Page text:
May-26-19
Premium Chessgames Member
  beatgiant: <RandomVisitor>,<patzer2> Any opinion or explanation about the computer's claim that 51...Qd3+ is better than 51...Bxb6?
May-26-19
Premium Chessgames Member
  patzer2: <beatgiant> Thanks for pointing out 51...Qd3+! -+ (-74.63 @ 32 ply, Stockfish 10) which is clearly stronger than 51...Bxd6? which allows 52. Rg2 Qd3+ 53. Kg2 = (0.00 @ 36 ply, Stockfish 10) or 52. Kb2 Qd3 53. Rg2 = (0.00 @ 36 ply, Stockfish 10).

Obviously, this game reflects at least four missed opportunities:

1. Black should have played 48...Nb4+! -+ instead of 48...Nxb2 ⩱.

2. White should have played 49. Bc2 ⩱ instead of 49. Kxb2 -+ .

3. Black should have played 51...Qd3+! -+ instead of 51...Bxd3 =.

4. White should have played 52. Kb2 = or 52. Rg2 = instead of 52. Qh2 allowing 52...Qd3+ -+.

P.S.: Of course such moves are difficult for humans to find over the board, especially under time pressure. Yet even with these missed opportunities, this was a well played and entertaining game.

May-26-19  RandomVisitor: After 48.Kb1:


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Stockfish_19052509_x64_modern:

49/98 4:36:24 -5.76 48...Nb4+ 49.Ka1 a3 50.Qh3 axb2+ 51.Kxb2 Qxh3 52.Rxh3 Bb6 53.Nxb6 Rxb6 54.Ba4 Rb8 55.Rgh1 Nxd5+ 56.Ka1 Ne3 57.Bb3 d5 58.Rc1 Rhh8 59.Rg1 Rb6 60.Rh4 Ra8 61.Kb2 Rc8 62.Ka1 Rh8 63.Rh2 h4 64.Rh3 e4 65.Ba4 Ra6 66.Bb3 Rh7 67.Kb2 Rb6 68.Ka1 Kf5 69.Kb2 Rg6 70.Kc3 Rxg5 71.Rgh1 Rg3 72.fxe4+ Kxe4 73.Ba4 d4+ 74.Kb4 Rxh3 75.Rxh3 Rh6 76.Bb5 f3 77.a3 f2 78.a4

49/89 4:36:24 -1.44 48...Be1 49.Qh3 Qxh3 50.Rxh3 Bg3 51.Rf1 Re7 52.Be2 Nf2 53.Rxf2 Bxf2 54.Nd2 Rb6 55.Bd3+ e4 56.Nxe4 Bd4 57.Nc5+ Kxg5 58.Ne6+ Rxe6 59.dxe6 Rxb2+ 60.Kc1 Bf6 61.e7 Rb8 62.Bb5 Bxe7 63.Bxa4 Ra8 64.Bb3 Ra5 65.Kc2 h4 66.Rh2 Re5 67.Ba4 Re3 68.Bc6 Bf6 69.Kd2 Bc3+ 70.Kd1 Kh5 71.Kc2 Be1 72.Kb2 Rc3 73.Be8+ Kg5 74.Rh1 Re3 75.Bc6 Bc3+ 76.Kc2 Bf6 77.Be4 Kh5 78.Kd2 Bc3+ 79.Kc2 Ba5 80.Bd5 Rc3+ 81.Kb2 Rd3 82.Bc4 Re3 83.Bd5 Bd8 84.a4 Kg5 85.Rh2

<48/111 4:36:24 -0.50 48...Nxb2+ 49.Bc2 Nd3> 50.Rd1 e4 51.fxe4 Rb7+ 52.Bb3 Qg4 53.Rxd3 axb3 54.axb3 Bb6 55.Rdh3 Qxh4 56.Rxh4 Bd4 57.Kc2 Bg7 58.Rb1 Kxg5 59.Rhh1 Ra2+ 60.Kd3 Rg2 61.Nxd6 Rg3+ 62.Ke2 Ra7 63.e5 Ra2+ 64.Kf1 h4 65.Nc4 h3 66.d6 Bf8 67.e6 Bxd6 68.Nxd6 Rf3+ 69.Ke1 Re3+ 70.Kf1 Kg4 71.Nc4 Rxe6 72.Nb2 f3 73.Rg1+ Kh4 74.Kf2 h2 75.Rg8 Rh6 76.Rc1 Rxb2+ 77.Kxf3 Rf6+ 78.Ke4 Re2+ 79.Kd3 Ref2 80.Rc4+ Kh3 81.Rh8+ Kg2 82.Rg8+ Kf3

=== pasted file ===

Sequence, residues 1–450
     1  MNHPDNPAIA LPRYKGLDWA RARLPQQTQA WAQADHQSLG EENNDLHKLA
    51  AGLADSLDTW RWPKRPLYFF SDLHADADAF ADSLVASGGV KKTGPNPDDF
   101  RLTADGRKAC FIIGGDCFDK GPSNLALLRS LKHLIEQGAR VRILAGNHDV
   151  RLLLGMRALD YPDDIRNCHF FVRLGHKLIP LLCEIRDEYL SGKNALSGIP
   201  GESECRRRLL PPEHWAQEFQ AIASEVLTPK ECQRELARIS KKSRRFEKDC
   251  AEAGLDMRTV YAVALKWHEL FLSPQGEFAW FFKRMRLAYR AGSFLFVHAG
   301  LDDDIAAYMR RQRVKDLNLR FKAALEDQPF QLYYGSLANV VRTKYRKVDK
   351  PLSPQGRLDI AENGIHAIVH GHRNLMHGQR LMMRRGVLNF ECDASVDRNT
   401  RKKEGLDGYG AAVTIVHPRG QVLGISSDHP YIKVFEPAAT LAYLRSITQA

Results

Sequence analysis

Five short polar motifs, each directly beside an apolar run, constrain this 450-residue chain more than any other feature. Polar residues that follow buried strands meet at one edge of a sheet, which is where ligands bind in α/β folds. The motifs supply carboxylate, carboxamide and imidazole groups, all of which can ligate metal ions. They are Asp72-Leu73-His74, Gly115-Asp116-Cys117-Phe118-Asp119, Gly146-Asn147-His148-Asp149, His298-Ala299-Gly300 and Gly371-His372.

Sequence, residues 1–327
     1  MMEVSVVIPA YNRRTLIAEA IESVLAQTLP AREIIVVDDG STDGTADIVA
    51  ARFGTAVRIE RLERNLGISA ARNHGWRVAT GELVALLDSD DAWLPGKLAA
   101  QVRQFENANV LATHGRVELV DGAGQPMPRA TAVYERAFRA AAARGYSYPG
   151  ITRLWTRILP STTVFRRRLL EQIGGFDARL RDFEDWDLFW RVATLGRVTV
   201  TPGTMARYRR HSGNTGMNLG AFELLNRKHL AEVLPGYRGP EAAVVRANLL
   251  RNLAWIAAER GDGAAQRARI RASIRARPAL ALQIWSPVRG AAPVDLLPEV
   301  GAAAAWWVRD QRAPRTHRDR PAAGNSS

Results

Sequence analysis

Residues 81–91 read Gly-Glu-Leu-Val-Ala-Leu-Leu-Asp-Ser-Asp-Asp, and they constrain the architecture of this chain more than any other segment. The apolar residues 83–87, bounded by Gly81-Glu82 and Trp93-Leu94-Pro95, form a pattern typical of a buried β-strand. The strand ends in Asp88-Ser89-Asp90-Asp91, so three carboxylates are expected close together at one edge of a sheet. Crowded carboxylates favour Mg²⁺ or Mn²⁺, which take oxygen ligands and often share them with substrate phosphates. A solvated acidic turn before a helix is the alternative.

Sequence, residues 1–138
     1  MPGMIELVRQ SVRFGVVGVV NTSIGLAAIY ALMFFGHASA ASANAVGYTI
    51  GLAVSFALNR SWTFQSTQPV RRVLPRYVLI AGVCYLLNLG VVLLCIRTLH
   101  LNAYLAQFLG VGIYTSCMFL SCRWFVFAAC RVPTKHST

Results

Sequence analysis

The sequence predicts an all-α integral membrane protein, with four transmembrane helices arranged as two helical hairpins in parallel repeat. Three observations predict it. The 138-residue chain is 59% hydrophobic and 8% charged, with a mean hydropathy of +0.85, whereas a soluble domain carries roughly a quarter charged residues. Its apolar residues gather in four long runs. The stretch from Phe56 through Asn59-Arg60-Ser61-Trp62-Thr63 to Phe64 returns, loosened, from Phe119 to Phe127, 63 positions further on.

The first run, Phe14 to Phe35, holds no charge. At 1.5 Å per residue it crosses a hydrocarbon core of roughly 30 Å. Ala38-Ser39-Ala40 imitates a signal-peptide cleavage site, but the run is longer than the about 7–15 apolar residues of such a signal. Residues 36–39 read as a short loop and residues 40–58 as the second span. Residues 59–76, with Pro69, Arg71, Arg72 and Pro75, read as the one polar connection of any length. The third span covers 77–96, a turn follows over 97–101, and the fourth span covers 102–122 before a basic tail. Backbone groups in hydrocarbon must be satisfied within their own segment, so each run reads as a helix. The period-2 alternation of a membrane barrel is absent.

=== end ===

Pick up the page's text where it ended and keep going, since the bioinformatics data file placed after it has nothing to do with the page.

May-26-19
Premium Chessgames Member
  agb2002: White is about to play Bc2.

Black has five pieces ready to attack the white king, starting with 48... Nxb2+:

A) 49.Kxb2 Rb6+ (the other rook must prevent Qxh5+)

A.1) 50.Nxb6 a3+

A.1.a) 51.Kxa3 Qd3+ followed by Bxb6 and the white king is in a mating net. For example, 52.Bb3 Bxb6 53.Rc1 Ra7+ 54.Kb4 Ba5+ 55.Ka3(4) Bc3#.

A.1.b) 51.Kb3 Qd3+ 52.Ka4 Bxb6 as above.

A.1.c) 51.Ka1 Bc3#.

A.1.d) 51.Kc1 Rc7+ and mate in two.

A.2) 50.Ka(c)1 Q(R)b1#.

A.3) 50.Ka3 Qd3+ 51.Bb3 (51.Kxa4 Qxc4+ 52.Ka3 Qb4#) 51... Rxb3+ and mate next.

A.4) 50.Bb3 axb3 (50... Qd3 51.Nxa5 unclear) 51.axb3 (51.Nxb6 Qc2+ 52.Ka1(3) Qxa2#) 51... Rxb3+ 52.Kxb3 Qd3+ and mate soon (53.Kb2 Rb7+; 53.Ka2 Qxc4+; 53.Ka4 Qxc4+ 54.Ka3 Bb4+ 55.Kb2 Ba3+).

B) 49.Bc2 Nd3

B.1) 50.Rd1 Rb7+

B.1.a) 51.Ka1 Bc3+ 52.Nb2 Bxb2+ 53.Kb1 Bc3+ 54.Bb3 Rxb3+ 55.axb3 (55.Kc2 Nc5+ and mate in two) 55... Nb4+ and mate in two.

B.1.b) 51.Bb3 Rxb3+ 52.axb3 (52.Ka1 Bc3+ 53.Nb2 Bxb2+ 54.Kb1 Nb4+ 55.Rd3 Qxd3#) 52... Ne1+

B.1.b.i) 53.Ka1 Bc3+ 54.Ka2 (54.Nb2 axb3#) 54... Qc2+ and mate next.

B.1.b.ii) 53.Kc1 Qc2#.

B.1.b.iii) 53.Kb2 Qc2+ and mate in two.

B.1.b.iv) 53.Ka2 Qc2+ 54.Nb2 axb3+ 55.Ka3 (55.Ka1 Bc3#) 55... Bc3 56.Na4 Qa2#.

B.2) 50.Nb2 Rb6

B.2.a) 51.Bxd3 Qxd3+ 52.Ka1 (52.Kc1 Rc7+ wins) 52... Rxb2 53.Kxb2 a3+ and mate next.

B.2.b) 51.Ka1 Rxb2 52.Bxd3 Qxd3 transposes to B.2.a.

C) 49.Ka1 Nxc4 50.a3 Bc3+ 51.Ka2 Rb6 wins.

D) 49.Kc1 Nxc4 50.Bc2 (50.Rg2 Rb6 wins) 50... Bd2+ 51.Kd1 (51.Kb1 Rb6+ wins) 51... Ne3+ 52.Kxd2 Qxc2+ 53.Ke1 Rb6 wins.

May-26-19  goodevans: <agb2002> Your admirably extensive analysis did miss one crucial line:

48...Nxb2+ 49.Bc2 Nd3 50.Rd1 Rb7+ 51.Nb2


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At first sight 51.Nb2 looks suicidal as black can just take the N with check but after <51...Rxb2+ 52.Ka1> the undefended h-pawn will let white back into the game.

May-26-19  cormier: goodevans: <agb2002> Your admirably extensive analysis did miss one crucial line: